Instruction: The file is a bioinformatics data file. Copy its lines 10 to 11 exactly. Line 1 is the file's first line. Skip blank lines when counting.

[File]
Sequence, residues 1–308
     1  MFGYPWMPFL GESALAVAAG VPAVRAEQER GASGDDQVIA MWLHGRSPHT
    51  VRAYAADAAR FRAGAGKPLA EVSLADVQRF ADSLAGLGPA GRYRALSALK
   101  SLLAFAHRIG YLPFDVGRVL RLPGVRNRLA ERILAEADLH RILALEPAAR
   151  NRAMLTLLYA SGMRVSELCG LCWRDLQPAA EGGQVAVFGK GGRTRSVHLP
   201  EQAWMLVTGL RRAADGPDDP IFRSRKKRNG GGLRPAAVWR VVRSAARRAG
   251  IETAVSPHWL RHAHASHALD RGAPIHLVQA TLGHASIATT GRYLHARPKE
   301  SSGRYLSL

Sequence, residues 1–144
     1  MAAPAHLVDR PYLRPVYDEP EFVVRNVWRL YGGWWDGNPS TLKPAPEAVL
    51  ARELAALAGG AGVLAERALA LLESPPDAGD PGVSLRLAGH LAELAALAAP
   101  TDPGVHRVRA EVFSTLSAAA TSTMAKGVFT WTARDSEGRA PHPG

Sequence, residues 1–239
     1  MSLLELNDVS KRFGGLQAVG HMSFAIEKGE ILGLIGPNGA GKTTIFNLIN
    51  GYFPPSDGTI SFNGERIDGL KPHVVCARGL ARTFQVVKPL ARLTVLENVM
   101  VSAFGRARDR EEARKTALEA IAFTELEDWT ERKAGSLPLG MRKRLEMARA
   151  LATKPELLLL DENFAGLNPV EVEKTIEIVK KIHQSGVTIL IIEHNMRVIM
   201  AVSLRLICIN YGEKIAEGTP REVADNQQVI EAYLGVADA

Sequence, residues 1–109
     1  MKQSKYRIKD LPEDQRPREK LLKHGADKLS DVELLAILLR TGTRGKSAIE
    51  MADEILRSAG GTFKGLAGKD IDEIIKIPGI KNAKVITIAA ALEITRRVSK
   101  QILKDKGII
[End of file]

     1  MAAPAHLVDR PYLRPVYDEP EFVVRNVWRL YGGWWDGNPS TLKPAPEAVL
    51  ARELAALAGG AGVLAERALA LLESPPDAGD PGVSLRLAGH LAELAALAAP